I just flew Southwest for the first time ever — here is what it was like


Launched in 1967 out of San Antonio, Southwest Airlines  (SWCC)  is one of the country’s first and oldest airlines to run on the low-cost business model. It was the airline that first started serving peanuts aboard flights and set off a trend that multiple generations still associate with flying, while its open seating plan is so unique that more than one frustrated flight attendant has said “this is not Southwest!” to travelers sitting in any available seat rather than the one printed on their ticket.Related: I just flew Spirit for the first time ever — here’s what it was likeBut because I grew up on the West Coast of Canada and Southwest does not fly north of the border, I never had a chance to fly with it myself. This changed on a recent return flight between Atlanta and New York’s LaGuardia Airport. And just as I once wrote for low-cost competitor Spirit Airlines  (SAVE) , Southwest has a number of differences that become evident before you even get to the airport.

Southwest was founded in 1967.Shutterstock

Two bags and open seating: These are the features unique to SouthwestLet’s start with the most pleasant: even the cheapest ticket fare comes with two checked bags. At a time when multiple mainstream carriers are both raising luggage prices and cracking down on which fare classes have one included at all, this was something that caused me to do a double-take when I was checking in online and noticed the “two free checked bags” written on the screen. Did I really read that right? Did I accidentally book a more expensive ticket than I intended?More on travel:Another National Park just made it more difficult for you to visitDelta Air Lines makes a baggage change that travelers will likeUnited Airlines passenger incident triggers quick responseBut no, Southwest’s two-bag luggage policy is known for being one of the industry’s most generous and I checked both a suitcase and a large carryall bag that I had carried aboard on my JetBlue Airways  (JBLU)  flight to Atlanta. Breezing through security with just the small purse that I carry in the city felt a level of luxurious that overpackers and economy travelers like me so rarely get to experience. Not having to carry half the contents of my life on my shoulder while also pushing along a carry-on to save $60? What a concept.

Southwest travelers line up to board.Shutterstock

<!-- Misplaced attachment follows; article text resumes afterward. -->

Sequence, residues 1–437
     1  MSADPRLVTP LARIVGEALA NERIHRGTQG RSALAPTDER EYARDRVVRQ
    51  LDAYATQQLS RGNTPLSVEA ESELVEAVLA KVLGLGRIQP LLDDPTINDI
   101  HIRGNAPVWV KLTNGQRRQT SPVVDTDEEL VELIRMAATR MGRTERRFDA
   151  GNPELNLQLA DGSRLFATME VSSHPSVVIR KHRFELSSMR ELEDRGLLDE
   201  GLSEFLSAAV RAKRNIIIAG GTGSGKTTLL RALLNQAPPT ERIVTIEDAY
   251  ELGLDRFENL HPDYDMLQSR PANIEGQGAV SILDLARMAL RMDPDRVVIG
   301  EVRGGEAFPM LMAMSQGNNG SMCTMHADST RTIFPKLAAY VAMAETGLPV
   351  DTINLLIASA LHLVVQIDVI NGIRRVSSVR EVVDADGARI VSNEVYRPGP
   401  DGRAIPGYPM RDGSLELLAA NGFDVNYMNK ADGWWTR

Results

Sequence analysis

Used to checking in last-minute? With Southwest, this will cost youThen came the part that is the most unique to Southwest. I got to my gate at Hartsfield-Jackson’s Terminal C early to observe the boarding process. It’s easy to understand why there are so many articles, Reddit posts and instruction videos issued by Southwest itself over how to board: To someone who’s never boarded this way, it can be very confusing since there are numerous signs with numbers like 1-5 or 15-30 for people to line up. Each traveler also has a letter corresponding to a zone.Those with higher letters and numbers board first and choose from whatever empty seats are available as the cabin begins to fill up. With the exception of those who paid extra for a better fare class or need early boarding due to disability, the zone you get depends on how early you checked in. I checked in just a few hours before the flight and so had a low number: C-09. As I care more about getting an aisle seat than I do about sitting at the front of the plane, this didn’t matter too much since I was still able to score the former. Every single seat on the plane was filled and so there was none of the “let me secure some extra space by putting my bag on the seat next to me” that often happens on trains and cross-city buses. The back-of-the-plane seat I got was similar to what would have been available to me on an economy ticket with a mainstream airline when checking in 24 hours before the flight after those of higher fare classes.Once boarding was complete and the plane took off, the differences with other carriers dwindled. Some things were better (a choice of free soft drink which Spirit does not offer and a very large table tray on which I was able to spread out to write this article), while others were worse. Seats did not have a charging outlet which, while fairly common with low-cost carriers, I consider unacceptable in 2024. There is nothing more annoying than landing at your destination with a dying phone.Related: Here is why one traveler bought every packet of peanuts on her flightFree texting, no peanuts and a wonderfully uneventful flight: would I do this again?We had free texting and WhatsApp use and, as the flight was only an hour and 40 minutes long, I did not pay the $8 to have full access to the internet. More and more airlines are increasingly offering full access for free on domestic flights so this is an area where Southwest could step up to be more in line with competitors.I ate pretzels instead of peanuts (Southwest stopped serving them about five years ago due to the risk for allergies) and sat through some mild turbulence. We flew into my favorite airport in NYC (LaGuardia is sleek from a recent renovation and significantly easier to access from the city by public transit) without any incidents. I did reconsider my thoughts on the back of the plane after the bottleneck that occurred as we were getting off but for the $130 in credit card points I paid for the one-way journey, I’d say I got my money’s worth. I don’t like giving ratings so I’ll end by saying I’d definitely fly with Southwest again if where I need to go lines up with prices and what’s available (despite writing about airlines, I am not a status-builder and usually just go with whatever’s cheapest.)Related: Veteran fund manager picks favorite stocks for 2024

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